1. This revision is filed against an order allowing I. A. No. 400 of 1980 filed by the 1st respondent herein against the 2nd respondent herein and her children for specific performance of an agreement of sale.
2. The relevant facts, in brief, are: The petitioner herein filed O. S. No. 3365 of 1979 against the 2nd respondent and her children for specific performance of an agreement of sale in respect of land comprised in S. Nos. 1 and 124 situated at Mir Sagar, Hyderabad District and for execution of a registered sale deed in pursuance thereof. The defendant, Ameer Bi, took a plea in the written statement that the pattedar of the suit land is Mahamood Sharif (1st respondent herein). But the plaintiff did not choose to make him a party to the suit. Prior to the filing of the suit, succession proceedings were initiated and they ended in favour of Mahmood Sharif (1st respondent herein) and against the defendant (Ameer Bi) on the death of the late Maqdoom Sharif, the father of the 1st respondent herein.
On the basis of the alleged agreement of sale proceedings were sought to be initiated before the revenue authorities for the rectification of the entries in the revenue records under section 58 of the Land Revenue Act in respect of the aforesaid two S. Nos. wherein the plaintiff sought his name to be included by deleting the name of Mahmood Sharif and Ameer Bi. respondents 1 and 2 herein. But the application was dismissed directing the claimant for a recourse to civil court. The proceedings under Ex. B-2 disclose that the collectorate issued a memo to Ameer Bi saying that it had no jurisdiction to inquire into the succession certificate already sanctioned in favour of Mohmood Sharif. The appeal against that order to the Joint Collector was dismissed. Mahmood Sharif, as Pattedar, filed also a declaration before the Land Ceiling Authority and the necessary orders also were passed in the said declaration computing the said S. Nos. in his extent.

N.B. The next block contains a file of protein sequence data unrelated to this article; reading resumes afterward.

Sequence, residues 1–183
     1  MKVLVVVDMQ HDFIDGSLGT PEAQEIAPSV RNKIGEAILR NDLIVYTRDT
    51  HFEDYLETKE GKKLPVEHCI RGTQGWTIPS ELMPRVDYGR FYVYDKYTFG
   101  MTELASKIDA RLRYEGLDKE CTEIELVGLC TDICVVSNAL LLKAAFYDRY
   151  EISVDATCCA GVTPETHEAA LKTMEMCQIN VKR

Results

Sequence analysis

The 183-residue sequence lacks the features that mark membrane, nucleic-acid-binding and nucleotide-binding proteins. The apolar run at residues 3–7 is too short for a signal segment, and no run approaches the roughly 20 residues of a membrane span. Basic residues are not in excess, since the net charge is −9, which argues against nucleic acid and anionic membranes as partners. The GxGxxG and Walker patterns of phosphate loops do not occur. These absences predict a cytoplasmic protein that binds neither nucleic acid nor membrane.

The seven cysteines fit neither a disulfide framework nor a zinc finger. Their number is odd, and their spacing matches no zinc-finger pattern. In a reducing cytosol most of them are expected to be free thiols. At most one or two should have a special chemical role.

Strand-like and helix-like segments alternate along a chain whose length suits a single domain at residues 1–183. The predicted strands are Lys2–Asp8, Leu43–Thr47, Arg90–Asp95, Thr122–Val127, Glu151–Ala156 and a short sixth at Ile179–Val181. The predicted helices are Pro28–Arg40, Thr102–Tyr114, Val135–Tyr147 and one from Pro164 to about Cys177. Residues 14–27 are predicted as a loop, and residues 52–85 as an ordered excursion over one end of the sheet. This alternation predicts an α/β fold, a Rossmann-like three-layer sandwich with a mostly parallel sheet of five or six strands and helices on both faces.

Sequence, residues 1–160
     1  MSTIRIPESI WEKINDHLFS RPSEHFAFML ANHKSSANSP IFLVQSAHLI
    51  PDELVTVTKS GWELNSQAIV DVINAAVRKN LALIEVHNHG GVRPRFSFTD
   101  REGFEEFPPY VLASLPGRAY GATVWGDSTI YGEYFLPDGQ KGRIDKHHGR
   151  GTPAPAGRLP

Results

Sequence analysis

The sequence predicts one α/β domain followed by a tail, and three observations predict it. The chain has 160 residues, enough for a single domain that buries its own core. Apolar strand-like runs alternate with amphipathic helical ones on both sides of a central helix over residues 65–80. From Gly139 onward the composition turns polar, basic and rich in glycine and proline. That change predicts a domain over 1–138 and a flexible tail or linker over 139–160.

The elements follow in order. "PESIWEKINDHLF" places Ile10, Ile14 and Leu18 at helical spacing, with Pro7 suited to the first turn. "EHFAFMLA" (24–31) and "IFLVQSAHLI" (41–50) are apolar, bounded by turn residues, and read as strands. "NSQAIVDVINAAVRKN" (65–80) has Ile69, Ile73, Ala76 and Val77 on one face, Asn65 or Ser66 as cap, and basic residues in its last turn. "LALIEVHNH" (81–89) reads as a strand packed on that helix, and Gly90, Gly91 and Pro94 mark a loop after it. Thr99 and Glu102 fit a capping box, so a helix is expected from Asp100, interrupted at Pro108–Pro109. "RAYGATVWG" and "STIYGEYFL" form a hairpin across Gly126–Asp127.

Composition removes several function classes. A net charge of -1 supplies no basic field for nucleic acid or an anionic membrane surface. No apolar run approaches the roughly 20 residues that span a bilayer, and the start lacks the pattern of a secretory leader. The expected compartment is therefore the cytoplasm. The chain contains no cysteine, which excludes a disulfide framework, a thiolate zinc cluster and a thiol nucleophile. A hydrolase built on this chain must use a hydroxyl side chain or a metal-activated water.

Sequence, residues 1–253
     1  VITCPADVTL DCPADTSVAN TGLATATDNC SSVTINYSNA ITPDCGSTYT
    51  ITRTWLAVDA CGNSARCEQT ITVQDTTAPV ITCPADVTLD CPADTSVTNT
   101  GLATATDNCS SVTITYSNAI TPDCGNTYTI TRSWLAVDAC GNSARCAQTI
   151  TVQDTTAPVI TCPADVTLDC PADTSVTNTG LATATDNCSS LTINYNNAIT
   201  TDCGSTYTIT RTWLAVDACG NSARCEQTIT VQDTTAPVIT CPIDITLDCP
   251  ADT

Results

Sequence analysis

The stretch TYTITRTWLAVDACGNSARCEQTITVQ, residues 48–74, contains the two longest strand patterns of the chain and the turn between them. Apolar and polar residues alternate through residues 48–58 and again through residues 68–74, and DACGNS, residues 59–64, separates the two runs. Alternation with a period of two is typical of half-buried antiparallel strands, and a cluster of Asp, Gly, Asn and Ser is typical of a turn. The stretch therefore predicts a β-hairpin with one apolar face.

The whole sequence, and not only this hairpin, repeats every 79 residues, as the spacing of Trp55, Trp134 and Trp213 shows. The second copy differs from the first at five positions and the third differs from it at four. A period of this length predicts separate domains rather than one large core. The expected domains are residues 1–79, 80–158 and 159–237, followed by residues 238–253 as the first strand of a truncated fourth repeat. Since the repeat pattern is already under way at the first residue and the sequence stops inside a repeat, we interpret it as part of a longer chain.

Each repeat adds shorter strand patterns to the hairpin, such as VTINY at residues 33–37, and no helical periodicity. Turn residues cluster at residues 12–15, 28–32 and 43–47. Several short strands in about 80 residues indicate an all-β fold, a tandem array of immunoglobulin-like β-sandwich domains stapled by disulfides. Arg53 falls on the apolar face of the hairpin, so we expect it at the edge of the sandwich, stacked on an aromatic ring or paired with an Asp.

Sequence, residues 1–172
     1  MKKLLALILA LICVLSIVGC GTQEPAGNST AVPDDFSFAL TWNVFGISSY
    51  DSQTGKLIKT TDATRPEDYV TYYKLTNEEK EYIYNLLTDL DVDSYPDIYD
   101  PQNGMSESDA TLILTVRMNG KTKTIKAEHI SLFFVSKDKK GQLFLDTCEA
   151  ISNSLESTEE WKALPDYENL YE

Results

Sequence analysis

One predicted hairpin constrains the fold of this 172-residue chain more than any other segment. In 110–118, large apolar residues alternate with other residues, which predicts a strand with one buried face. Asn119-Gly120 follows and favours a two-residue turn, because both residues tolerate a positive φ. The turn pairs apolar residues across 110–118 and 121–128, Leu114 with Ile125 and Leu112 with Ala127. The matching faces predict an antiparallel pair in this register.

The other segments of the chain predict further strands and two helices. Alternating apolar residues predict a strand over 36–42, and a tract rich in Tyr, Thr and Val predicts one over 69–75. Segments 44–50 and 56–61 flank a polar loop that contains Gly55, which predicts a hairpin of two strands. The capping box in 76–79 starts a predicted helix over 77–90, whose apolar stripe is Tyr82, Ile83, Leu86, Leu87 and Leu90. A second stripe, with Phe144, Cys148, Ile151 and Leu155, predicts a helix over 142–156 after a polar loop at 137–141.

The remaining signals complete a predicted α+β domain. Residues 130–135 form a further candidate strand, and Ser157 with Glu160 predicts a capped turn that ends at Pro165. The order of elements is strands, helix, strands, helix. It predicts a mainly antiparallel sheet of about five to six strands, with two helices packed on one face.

In the suit, later, the said Ameer Bi, along with her children, tried to enter into a compromise with the plaintiff. At that stage, the 1st respondent, as a proposed third-party, filed I. A. No. 400 of 1980 under O. 1, R. 10. Civil P. C. To implead him in the suit as a necessary and proper party, which was contested by the plaintiff, petitioner herein. But the trial court allowed the petition on the ground that the proposed third party has got right, interest and title over the suit property and, therefore, certainly he is a necessary and proper party though the suit is filed for specific performance of an agreement of sale seeking relief only against the 2nd respondent, viz. Ameer Bi. The Lower court further found that having regard to the various circumstances as disclosed in the voluminous documents filed on behalf of the proposed third-party, it is necessary to adjudicate the rights in this suit itself and if it is not done so, it would give rise to multiplicity of proceedings, which must be avoided. Hence this revision.
3. The Contention in the main of Sri Chennakesava Rao, learned Council for the petitioner, is that in a suit for specific performance of an agreement of sale , any person claiming the or share adverse to the vendor cannot be impleaded, because firstly, it will change the nature of the suit and secondly, it will introduce new questions which are not involved in the suit.
4. Before analysing the contention of the learned counsel for the petitioner, one admitted fact may be noticed: and that is, when an objection was raised in the written statement by the defendant Ameer Bi that there are certain other affected parties like the sister and other heirs of the late Maqdoom Sharif. Steps were taken by the petitioner herein and they were got impleaded. But the 1st respondent herein was not got implead, though it is admitted that he is the son of the late Maqdoom Sharif. After getting the other heirs impleaded, a stage was reached when a compromise was sought to be entered into between the defendants and the plaintiff. It is at the stage that I. A. No. 400 of 1980 was filed by the 1st respondent for impleading him as a party to the suit.
5. The question in the main turns upon the provisions enacted in R. 10 (2) of O. 1 which reads.